Capsaicin’s Other Benefits
Besides encouraging fat burning and increased metabolism, there are other reasons to consume hot peppers and the capsaicin they contain.
In animal research, capsaicin has been shown to improve digestion. One study reported that capsaicin inhibited acid secretion and stimulated mucus in the gastric tract, helping to prevent and heal ulcers—and forever dispelling the myth that eating hot peppers causes ulcers and stomach upset.
There is even research that eating these fiery foods will help you live longer. In a 2015 BMJ study, Harvard researchers followed more than 20,000 people for seven years and found that those who ate spicy foods like fresh and dried chile peppers at least six times per week had a 14% lower risk of death from all causes than those who incorporated spicy foods into their diets less than once a week.
People who are taking prescription medication for cardiovascular problems may want to take heed when it comes to chile consumption, however. “Capsaicin is a blood thinner, so if someone is on blood thinning medication such as warfarin, they need to be careful,” Warren advises.
Heating Up the Kitchen
Of course, what makes the health benefits of chiles easy to swallow is the fact that they taste great. “Hot peppers are a nutrient-dense way to add flavor to dishes without packing on extra calories,” notes Pritchett.
Hot peppers are also versatile in the kitchen because different varieties offer different flavor profiles and heat levels. Examples include:
Ghost: Also known as Bhut Jolokia, this super-hot pepper was listed in the Guinness World Records from 2007 to 2011 as the hottest pepper in the world. The pepper, which ranges from green to orange and red, originated in India. It’s often used in fiery hot sauces and chili powder. Because of its extreme heat, eating it raw is not recommended.
Pueblo: These mild peppers originated in New Mexico. The pods grow in a pendant shape and come in green and red. Pueblo peppers are often used in fresh salsas and sauces, and are also available powdered, roasted or processed.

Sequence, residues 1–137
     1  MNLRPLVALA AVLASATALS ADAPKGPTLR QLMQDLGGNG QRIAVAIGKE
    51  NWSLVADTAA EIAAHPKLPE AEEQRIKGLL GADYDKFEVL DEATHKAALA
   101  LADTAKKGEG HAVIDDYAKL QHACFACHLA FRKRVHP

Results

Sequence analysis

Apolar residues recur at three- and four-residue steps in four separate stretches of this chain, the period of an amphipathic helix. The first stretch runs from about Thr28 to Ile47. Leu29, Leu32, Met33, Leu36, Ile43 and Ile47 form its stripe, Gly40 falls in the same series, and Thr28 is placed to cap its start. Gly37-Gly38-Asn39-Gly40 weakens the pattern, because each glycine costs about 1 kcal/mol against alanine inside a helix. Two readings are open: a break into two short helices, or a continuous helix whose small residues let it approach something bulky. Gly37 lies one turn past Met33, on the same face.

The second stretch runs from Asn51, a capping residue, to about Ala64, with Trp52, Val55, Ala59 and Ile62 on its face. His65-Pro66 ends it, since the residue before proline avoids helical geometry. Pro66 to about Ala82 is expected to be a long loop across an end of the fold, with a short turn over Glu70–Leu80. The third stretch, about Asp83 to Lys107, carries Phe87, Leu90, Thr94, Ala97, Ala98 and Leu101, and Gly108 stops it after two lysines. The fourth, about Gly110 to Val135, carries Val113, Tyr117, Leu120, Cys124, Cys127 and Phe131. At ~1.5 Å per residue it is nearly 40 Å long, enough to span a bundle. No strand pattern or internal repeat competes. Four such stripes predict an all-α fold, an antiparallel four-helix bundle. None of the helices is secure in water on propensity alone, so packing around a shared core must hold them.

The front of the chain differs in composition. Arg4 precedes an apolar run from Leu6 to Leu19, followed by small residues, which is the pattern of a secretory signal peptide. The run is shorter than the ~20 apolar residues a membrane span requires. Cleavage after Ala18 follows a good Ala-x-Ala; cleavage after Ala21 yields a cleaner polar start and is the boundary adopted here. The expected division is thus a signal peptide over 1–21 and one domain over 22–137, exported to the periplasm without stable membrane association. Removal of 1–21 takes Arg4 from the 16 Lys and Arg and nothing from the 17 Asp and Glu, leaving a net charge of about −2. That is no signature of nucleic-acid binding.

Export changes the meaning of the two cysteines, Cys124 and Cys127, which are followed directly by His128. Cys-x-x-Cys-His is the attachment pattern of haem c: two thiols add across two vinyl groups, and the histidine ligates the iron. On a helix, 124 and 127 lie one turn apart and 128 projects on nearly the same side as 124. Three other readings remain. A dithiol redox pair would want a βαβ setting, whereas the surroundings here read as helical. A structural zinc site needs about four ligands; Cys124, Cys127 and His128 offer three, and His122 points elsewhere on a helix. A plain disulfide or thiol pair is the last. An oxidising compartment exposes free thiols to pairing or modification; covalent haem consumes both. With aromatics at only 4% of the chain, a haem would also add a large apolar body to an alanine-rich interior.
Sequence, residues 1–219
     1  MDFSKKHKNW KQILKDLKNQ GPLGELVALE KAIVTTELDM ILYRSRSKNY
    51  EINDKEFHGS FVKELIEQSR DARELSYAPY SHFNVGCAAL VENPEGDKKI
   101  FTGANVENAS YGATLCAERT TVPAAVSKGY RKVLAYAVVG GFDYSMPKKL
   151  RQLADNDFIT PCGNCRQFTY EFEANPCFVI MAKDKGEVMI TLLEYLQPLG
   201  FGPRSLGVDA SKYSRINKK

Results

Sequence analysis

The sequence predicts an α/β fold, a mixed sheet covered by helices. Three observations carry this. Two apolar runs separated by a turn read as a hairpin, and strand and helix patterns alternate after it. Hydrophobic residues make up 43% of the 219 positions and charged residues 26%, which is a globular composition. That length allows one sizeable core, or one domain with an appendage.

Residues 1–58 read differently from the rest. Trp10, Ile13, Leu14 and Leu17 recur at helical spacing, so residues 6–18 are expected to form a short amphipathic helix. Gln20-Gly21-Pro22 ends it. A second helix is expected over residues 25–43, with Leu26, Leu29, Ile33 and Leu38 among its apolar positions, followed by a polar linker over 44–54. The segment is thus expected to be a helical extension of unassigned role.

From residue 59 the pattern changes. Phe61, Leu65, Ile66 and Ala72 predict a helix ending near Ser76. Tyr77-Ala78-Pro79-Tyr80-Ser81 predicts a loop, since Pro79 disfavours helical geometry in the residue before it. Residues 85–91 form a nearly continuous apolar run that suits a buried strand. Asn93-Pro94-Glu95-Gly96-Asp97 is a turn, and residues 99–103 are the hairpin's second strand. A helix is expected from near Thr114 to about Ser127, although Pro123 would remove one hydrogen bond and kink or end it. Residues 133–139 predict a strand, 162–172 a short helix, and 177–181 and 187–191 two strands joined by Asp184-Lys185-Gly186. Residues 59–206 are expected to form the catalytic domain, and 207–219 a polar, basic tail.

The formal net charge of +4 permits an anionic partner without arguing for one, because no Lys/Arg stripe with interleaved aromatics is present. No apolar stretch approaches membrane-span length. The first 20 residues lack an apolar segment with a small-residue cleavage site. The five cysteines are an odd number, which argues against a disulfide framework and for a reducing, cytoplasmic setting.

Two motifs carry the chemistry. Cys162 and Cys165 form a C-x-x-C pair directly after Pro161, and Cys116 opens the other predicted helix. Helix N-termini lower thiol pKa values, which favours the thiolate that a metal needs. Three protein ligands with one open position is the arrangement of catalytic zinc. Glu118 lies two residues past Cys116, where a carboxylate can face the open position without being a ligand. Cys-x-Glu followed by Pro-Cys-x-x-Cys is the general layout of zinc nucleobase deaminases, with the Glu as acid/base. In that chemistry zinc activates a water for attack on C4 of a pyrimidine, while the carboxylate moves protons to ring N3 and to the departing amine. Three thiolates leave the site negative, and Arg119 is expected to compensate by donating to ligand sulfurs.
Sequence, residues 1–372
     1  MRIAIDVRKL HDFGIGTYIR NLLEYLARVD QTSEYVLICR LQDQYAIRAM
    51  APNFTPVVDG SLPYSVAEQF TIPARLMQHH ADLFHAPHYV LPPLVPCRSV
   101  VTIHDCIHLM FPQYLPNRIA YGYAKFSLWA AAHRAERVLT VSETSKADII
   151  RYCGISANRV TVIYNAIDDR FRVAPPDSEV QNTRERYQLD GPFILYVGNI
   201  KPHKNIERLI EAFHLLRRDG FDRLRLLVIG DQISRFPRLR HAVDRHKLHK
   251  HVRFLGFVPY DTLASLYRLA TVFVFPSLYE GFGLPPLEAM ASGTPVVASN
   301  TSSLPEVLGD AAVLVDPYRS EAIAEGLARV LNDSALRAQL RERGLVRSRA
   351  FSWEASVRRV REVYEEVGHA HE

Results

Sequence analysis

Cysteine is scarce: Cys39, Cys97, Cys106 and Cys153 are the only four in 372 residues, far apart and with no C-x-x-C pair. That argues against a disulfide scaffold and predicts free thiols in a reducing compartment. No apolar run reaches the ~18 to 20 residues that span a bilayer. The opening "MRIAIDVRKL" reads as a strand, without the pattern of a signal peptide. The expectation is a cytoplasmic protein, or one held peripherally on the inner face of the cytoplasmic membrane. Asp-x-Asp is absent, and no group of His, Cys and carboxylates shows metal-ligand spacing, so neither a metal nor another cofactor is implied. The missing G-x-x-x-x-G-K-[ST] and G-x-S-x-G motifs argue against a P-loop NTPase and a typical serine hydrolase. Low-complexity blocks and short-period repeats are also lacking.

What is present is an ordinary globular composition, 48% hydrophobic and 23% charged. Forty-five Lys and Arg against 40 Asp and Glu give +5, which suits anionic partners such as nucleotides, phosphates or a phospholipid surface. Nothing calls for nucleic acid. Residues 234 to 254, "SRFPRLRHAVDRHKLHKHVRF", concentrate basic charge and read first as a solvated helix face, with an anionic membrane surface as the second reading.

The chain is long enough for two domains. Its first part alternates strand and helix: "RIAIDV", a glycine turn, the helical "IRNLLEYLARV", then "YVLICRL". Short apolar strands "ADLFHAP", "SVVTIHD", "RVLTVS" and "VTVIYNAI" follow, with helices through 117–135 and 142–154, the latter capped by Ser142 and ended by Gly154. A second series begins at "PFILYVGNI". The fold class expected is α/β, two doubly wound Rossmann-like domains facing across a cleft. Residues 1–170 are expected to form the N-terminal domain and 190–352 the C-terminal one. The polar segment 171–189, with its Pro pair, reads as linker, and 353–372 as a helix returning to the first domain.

Serrano: A Spanish word that means “from the mountains,” these hot peppers were once grown in the mountains of Mexico. Serranos are pendant-shaped and come in green and red. These are the peppers found in “hot” salsa and other fiery Mexican cuisine.
Jalapeño: One of the more common peppers, jalapeños come from Veracruz, Mexico. These medium-heat peppers are used fresh, pickled or processed.
Habanero: These put the “hot” in hot pepper and are about 50 times hotter than jalapeños. The name, which means “from Havana,” hints at their Cuban heritage. Habaneros are popular in chili powder, hot sauces and rubbed seasonings.
|Cooking With Chiles|
To avoid turning a dash of spice into a five-alarm fire in your mouth, follow these tips whenever you cook with hot peppers.
1. Remove the seeds: To tone down the heat, Beth Warren suggests scooping out the seeds, which contain the highest concentration of capsaicin. You can cut the heat without affecting the flavor.
2. Use in moderation: Unlike bell peppers, which can be added to recipes with abandon, a few hot peppers go a long way. Chop up a single pepper for salsa or add a pinch to chili. “You can always add more peppers to increase the heat but there is no way to take them out of a dish if it’s too hot,” says Dave DeWitt.